Kathryn Wright

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Kathryn Wright joined the Conservatory in 2002 and is a professor of voice teaching voice and performance skills. She is also a professor of music at Berklee College of Music and, since 1996, has taught private voice lessons, pedagogy, and performance and musicianship skills, as well as English diction and composition for classical voice. 

Wright, a soprano, has performed 20th-century music and new works, collaborating with many American composers. She sang the title role in Henry Mollicone’s Starbird (Kennedy Center), performed entirely improvised music theater works with the New Music Theater Ensemble (Minneapolis) and has sung premieres in England, Scotland, the Czech Republic, and the United States, including at the avant-garde music theater venue La MaMa (New York City), to New York Times critical acclaim. She has performed leading roles with regional opera companies, including Minnesota Opera, Texas Opera Theater, and the Hollybush Festival. She has appeared with 65 orchestras in the United States and Canada, including the Atlanta, Dallas, San Jose, Syracuse, Buffalo, Utah, St. Louis, Seattle, North Carolina, Charlotte, Minnesota, Milwaukee, Denver, and National symphonies. With San Francisco Symphony, she performed Berg’s Lulu Suite, with Edo de Waart conducting.

Wright’s voice students have won or placed in national and international voice competitions, held opera apprenticeships, sung in American and European opera theaters, and signed with New York artist management.

Career Highlights
  • Tanglewood fellow
  • Guest artist with Metropolitan Opera Guild, Chautauqua Opera, Central City Opera, Texas Opera Theater, Hollybush Festival, and Minnesota Opera
  • Numerous premieres and improvised music theater appearances with New Music Theater Ensemble, Minneapolis, National Chamber Orchestra, and Kennedy Center
  • Soloist with 60 orchestras in the United States and Canada, including Berg's "Lulu Suite" with San Francisco Orchestra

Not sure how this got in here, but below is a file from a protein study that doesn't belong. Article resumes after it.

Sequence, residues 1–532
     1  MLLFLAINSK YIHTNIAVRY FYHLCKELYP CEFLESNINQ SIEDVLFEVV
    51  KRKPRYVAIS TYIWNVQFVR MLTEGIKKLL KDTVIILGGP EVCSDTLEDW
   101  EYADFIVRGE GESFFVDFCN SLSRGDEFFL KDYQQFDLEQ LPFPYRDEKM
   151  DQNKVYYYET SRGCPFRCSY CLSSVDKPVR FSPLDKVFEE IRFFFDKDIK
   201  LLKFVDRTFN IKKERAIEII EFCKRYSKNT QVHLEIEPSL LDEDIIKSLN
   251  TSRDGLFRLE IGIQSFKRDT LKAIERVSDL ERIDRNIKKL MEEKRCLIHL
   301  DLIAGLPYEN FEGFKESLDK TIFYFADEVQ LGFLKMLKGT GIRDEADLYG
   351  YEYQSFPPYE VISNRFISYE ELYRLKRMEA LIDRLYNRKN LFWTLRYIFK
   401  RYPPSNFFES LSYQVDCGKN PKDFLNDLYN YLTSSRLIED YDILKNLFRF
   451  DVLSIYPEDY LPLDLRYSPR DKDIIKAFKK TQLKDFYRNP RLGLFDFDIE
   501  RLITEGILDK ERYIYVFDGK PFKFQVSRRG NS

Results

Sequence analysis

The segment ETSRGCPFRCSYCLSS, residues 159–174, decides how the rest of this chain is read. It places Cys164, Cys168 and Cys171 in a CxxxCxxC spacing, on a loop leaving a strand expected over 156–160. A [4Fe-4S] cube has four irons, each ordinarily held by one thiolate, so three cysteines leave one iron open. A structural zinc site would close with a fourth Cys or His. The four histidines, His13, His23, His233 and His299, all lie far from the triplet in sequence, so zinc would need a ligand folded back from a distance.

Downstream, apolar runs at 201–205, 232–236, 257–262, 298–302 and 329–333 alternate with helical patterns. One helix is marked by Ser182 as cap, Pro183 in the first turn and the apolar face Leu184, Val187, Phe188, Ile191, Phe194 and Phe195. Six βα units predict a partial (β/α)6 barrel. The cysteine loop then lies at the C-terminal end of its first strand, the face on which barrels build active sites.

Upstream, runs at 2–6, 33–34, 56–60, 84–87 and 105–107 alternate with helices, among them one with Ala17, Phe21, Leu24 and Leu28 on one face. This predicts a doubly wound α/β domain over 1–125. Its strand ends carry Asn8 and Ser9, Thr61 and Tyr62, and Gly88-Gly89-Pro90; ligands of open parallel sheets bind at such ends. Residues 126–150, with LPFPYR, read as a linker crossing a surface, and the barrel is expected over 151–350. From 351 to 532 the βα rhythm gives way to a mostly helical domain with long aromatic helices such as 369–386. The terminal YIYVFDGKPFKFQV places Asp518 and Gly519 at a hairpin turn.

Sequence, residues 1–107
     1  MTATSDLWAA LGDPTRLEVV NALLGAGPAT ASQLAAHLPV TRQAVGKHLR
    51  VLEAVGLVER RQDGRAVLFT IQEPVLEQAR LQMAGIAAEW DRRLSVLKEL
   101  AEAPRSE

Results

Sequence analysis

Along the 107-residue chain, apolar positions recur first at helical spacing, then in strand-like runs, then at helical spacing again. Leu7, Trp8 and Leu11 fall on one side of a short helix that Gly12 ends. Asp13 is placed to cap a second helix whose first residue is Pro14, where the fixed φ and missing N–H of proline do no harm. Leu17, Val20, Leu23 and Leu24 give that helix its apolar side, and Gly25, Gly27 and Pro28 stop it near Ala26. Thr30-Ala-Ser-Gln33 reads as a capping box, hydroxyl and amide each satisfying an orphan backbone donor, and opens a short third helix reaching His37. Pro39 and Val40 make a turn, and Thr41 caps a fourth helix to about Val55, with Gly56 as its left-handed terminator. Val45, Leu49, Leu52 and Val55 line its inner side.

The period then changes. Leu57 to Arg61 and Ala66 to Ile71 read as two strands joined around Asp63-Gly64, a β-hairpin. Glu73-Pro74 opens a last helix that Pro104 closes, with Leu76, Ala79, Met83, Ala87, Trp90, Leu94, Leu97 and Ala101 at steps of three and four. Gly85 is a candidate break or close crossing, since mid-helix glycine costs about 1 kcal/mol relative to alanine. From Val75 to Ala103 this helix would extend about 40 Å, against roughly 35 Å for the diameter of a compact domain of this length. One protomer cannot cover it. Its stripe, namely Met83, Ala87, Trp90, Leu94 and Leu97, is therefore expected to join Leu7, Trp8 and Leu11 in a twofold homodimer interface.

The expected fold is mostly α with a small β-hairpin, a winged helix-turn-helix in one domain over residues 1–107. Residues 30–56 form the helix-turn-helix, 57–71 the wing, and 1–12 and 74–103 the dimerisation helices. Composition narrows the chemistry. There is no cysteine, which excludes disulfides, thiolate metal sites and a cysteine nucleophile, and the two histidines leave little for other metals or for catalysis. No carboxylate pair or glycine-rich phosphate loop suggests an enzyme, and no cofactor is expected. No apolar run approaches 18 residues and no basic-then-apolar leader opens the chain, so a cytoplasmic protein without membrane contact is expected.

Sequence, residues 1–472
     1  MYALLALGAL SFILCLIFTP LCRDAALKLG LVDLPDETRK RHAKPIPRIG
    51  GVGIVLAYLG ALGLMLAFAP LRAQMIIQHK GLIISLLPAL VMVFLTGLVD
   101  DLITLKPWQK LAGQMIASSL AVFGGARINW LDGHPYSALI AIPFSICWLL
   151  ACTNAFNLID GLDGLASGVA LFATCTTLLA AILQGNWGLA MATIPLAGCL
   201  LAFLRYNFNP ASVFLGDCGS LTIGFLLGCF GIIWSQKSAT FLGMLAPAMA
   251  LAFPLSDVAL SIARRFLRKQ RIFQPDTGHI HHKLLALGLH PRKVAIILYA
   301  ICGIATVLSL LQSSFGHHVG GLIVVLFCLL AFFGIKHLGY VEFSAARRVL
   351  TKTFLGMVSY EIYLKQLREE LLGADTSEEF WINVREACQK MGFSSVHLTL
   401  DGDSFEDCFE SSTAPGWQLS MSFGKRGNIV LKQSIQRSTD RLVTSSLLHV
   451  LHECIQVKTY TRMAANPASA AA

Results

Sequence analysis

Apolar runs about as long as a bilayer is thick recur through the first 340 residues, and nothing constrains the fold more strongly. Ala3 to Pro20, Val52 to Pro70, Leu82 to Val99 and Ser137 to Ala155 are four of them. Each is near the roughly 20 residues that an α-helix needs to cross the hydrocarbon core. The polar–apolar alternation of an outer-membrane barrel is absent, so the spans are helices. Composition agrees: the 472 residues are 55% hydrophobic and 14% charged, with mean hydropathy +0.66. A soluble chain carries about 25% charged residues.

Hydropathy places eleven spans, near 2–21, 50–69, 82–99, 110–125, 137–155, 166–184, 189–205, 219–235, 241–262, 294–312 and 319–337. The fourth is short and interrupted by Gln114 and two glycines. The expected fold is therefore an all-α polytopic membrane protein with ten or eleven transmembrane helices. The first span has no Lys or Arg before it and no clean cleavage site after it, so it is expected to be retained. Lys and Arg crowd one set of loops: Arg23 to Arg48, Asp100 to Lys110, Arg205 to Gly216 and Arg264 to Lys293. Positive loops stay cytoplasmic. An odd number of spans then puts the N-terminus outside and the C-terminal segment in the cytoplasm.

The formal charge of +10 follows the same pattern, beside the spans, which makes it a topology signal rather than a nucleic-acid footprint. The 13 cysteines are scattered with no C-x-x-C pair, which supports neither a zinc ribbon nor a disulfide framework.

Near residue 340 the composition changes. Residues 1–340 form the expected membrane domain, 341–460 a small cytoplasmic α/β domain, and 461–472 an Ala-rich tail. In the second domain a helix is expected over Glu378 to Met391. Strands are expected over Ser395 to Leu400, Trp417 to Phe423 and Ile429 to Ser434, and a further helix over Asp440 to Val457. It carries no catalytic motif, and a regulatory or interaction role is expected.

• Premiered starring role in Mollicone's Starbird at Kennedy Center
  • Metropolitan Opera regional finalist
  • William Sullivan Foundation Award
In Their Own Words

"I bring enthusiasm and humor to the practical work of putting a voice together, of developing the vocal instrument. When students come into my studio, they want help with understanding and coordinating the mechanics of their singing, whatever their preferred style of vocal music is. My greatest satisfaction is when the student leaves the lesson excited at realizing new vocal potential. The look of surprise students' faces when beautiful, powerful new sounds come out of their voices and fly into the room is priceless to me."

"Technique is like the left hand of driving. Expressive singing is the right hand. You need both hands on the wheel to drive a successful musical performance. A healthy, reliable method of singing gives you the ability to be expressive in a free, unimpeded way, with a consistent, attractive tone quality through a large pitch and dynamic range."

"Unlike instrumentalists, singers must communicate not only through music, but additionally, through words. Singers are actors as well as musicians and must reveal the emotions behind the lyrics as well as the passion of the musical phrase. Good technical development is not an end unto itself. It is a means for empowering the singer to express those emotions freely and poignantly. I am interested in helping the student be empowered to reach their goals as singers and musicians."